Overharvesting has been implicated in altering the population structure of marine organisms, reducing genetic diversity and adaptive capacity. Overharvested fisheries can be particularly vulnerable to environmental and anthropogenic stressors due to the loss of advantageous mutations. The Hawaiian broadcast-spawning limpet Cellana exarata is subject to varying levels of harvesting pressure on different islands, ranging from no harvest on the uninhabited island of Nihoa in the Papahānaumokuākea Marine National Monument (PMNM), to a reduction in population density on Maui and Kaua‘i, to near extirpation on O‘ahu, the most populous of the Hawaiian Islands. In this study, we used genome-wide surveys of genetic variation (ezRAD, > 21,000 loci) on C. exarata from the islands of Nihoa, Kaua‘i, Maui, O‘ahu, and Hawai‘i to test for relationships between genetic diversity, population size, island age, and harvest pressure. Global estimates of genetic differentiation among islands were greater than those estimated with mtDNA. Estimates of nucleotide diversity (π) were greatest on Nihoa (π = 2.05 × 10−3), despite having the smallest estimated population size (without harvesting); estimates of nucleotide diversity on the Big Island of Hawai’i are the lowest of all the islands in this study (π = 1.71 × 10−3), despite having the largest estimated population size. This difference in genetic diversity is correlated with island age and indicates that C. exarata populations within the Main Hawaiian Islands (MHI) experienced a recent bottleneck. Overall, these results suggest that the PMNM harbors a stockpile of genetic diversity for C. exarata, despite relatively small population sizes when compared to the MHI.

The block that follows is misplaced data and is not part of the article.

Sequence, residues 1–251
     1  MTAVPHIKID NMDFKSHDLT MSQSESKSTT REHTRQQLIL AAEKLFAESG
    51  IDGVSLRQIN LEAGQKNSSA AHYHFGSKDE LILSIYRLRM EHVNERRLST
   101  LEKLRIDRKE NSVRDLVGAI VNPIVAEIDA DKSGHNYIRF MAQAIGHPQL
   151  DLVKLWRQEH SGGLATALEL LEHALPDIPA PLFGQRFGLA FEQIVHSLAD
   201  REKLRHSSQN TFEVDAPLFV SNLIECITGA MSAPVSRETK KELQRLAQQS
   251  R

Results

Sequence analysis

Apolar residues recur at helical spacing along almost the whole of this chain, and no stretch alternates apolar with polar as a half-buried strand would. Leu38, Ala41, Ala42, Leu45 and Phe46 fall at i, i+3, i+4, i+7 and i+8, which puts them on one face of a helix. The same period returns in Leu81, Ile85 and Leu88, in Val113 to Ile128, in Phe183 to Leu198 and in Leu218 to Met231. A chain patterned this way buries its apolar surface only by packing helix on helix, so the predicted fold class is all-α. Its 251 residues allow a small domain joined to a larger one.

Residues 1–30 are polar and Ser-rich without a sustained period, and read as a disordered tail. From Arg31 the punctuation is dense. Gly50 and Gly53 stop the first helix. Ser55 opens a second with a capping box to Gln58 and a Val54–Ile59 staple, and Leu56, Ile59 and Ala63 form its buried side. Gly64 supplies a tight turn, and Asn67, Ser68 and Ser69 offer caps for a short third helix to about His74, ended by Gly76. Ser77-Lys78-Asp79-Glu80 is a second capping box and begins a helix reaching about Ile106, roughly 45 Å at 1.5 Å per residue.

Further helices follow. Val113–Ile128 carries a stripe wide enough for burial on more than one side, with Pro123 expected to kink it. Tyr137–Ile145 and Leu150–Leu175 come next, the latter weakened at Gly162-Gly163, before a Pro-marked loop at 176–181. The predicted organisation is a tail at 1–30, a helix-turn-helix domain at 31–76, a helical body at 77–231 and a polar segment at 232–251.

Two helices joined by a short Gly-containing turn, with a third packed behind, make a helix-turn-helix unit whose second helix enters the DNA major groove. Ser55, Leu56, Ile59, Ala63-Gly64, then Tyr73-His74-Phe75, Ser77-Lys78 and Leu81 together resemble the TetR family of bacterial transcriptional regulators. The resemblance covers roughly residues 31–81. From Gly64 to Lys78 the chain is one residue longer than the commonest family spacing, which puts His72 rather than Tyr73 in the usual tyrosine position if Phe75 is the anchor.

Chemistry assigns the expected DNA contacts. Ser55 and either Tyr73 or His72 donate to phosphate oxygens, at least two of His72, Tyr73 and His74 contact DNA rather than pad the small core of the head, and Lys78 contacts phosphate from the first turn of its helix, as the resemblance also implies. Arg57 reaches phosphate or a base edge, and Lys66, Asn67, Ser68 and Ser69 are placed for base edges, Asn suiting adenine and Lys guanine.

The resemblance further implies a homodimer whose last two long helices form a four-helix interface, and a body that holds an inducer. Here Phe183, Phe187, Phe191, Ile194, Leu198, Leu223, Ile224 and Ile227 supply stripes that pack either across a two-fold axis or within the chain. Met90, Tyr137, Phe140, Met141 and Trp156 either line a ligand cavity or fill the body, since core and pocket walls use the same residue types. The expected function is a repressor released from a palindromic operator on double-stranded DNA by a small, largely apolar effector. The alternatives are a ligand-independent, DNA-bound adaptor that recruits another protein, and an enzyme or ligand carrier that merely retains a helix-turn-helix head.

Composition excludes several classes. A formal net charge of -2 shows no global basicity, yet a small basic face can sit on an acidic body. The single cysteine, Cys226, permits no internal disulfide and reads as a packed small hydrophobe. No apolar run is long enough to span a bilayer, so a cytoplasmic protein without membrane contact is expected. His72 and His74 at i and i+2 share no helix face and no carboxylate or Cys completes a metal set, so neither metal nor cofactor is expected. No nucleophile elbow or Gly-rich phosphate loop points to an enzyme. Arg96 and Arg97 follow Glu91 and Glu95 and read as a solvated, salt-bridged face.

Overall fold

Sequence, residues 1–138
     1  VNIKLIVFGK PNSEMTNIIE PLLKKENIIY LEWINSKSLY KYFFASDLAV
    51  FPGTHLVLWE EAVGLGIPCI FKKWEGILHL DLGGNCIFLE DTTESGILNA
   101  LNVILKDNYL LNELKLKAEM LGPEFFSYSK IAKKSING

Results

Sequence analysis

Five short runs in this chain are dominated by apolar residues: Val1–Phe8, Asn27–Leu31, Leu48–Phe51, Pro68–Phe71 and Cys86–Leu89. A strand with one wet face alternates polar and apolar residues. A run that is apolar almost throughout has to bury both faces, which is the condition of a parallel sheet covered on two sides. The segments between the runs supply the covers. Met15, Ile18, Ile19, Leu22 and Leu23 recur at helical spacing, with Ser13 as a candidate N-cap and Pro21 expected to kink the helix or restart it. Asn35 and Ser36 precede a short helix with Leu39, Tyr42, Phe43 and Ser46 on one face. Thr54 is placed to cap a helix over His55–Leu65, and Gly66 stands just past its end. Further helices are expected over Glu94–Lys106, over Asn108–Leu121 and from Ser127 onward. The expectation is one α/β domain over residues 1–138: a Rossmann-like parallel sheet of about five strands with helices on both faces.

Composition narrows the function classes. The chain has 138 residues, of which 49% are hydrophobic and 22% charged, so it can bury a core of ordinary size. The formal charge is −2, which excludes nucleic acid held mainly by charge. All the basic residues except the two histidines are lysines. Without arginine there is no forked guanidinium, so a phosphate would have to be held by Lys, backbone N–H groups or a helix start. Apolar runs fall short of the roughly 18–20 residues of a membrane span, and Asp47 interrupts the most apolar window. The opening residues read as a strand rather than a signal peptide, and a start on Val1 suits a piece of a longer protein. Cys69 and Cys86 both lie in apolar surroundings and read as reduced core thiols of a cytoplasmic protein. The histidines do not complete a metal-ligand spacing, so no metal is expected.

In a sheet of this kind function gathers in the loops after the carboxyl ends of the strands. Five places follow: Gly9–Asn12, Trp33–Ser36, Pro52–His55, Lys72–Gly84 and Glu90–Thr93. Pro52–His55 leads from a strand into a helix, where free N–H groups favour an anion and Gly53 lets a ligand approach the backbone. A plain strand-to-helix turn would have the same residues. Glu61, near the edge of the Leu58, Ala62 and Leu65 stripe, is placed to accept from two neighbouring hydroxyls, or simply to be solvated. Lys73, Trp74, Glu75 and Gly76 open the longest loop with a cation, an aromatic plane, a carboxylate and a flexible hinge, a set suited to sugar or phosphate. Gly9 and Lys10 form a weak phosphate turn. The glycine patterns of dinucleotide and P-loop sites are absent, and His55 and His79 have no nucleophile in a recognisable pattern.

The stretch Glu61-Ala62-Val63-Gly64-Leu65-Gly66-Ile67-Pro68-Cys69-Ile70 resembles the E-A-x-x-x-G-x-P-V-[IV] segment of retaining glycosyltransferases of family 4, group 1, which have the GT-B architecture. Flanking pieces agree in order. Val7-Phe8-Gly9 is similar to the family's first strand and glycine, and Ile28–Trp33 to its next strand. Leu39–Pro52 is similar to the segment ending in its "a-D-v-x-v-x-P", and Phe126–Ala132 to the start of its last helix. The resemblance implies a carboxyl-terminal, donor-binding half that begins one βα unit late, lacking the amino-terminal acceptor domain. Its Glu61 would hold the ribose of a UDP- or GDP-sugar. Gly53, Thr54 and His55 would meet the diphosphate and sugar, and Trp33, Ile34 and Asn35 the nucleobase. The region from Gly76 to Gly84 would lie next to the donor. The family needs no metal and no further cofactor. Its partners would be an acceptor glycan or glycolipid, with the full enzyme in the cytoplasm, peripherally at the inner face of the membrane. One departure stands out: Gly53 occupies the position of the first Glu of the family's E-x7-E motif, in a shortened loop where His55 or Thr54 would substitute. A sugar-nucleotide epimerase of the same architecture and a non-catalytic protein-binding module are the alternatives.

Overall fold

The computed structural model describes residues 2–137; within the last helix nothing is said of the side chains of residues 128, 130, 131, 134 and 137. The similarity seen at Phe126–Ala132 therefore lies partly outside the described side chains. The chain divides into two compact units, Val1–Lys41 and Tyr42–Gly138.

ap019 VARIATION IN VENOM GENE REPERTOIRES OF POPULATIONS OF 3 CONUS SPECIES

    • Peter Cerda ;
    • Thomas Duda ;

    n/a

    VARIATION IN VENOM GENE REPERTOIRES OF POPULATIONS OF 3 CONUS SPECIES

    Peter Cerda, Thomas Duda.

    University of Michigan, Ann Arbor, MI.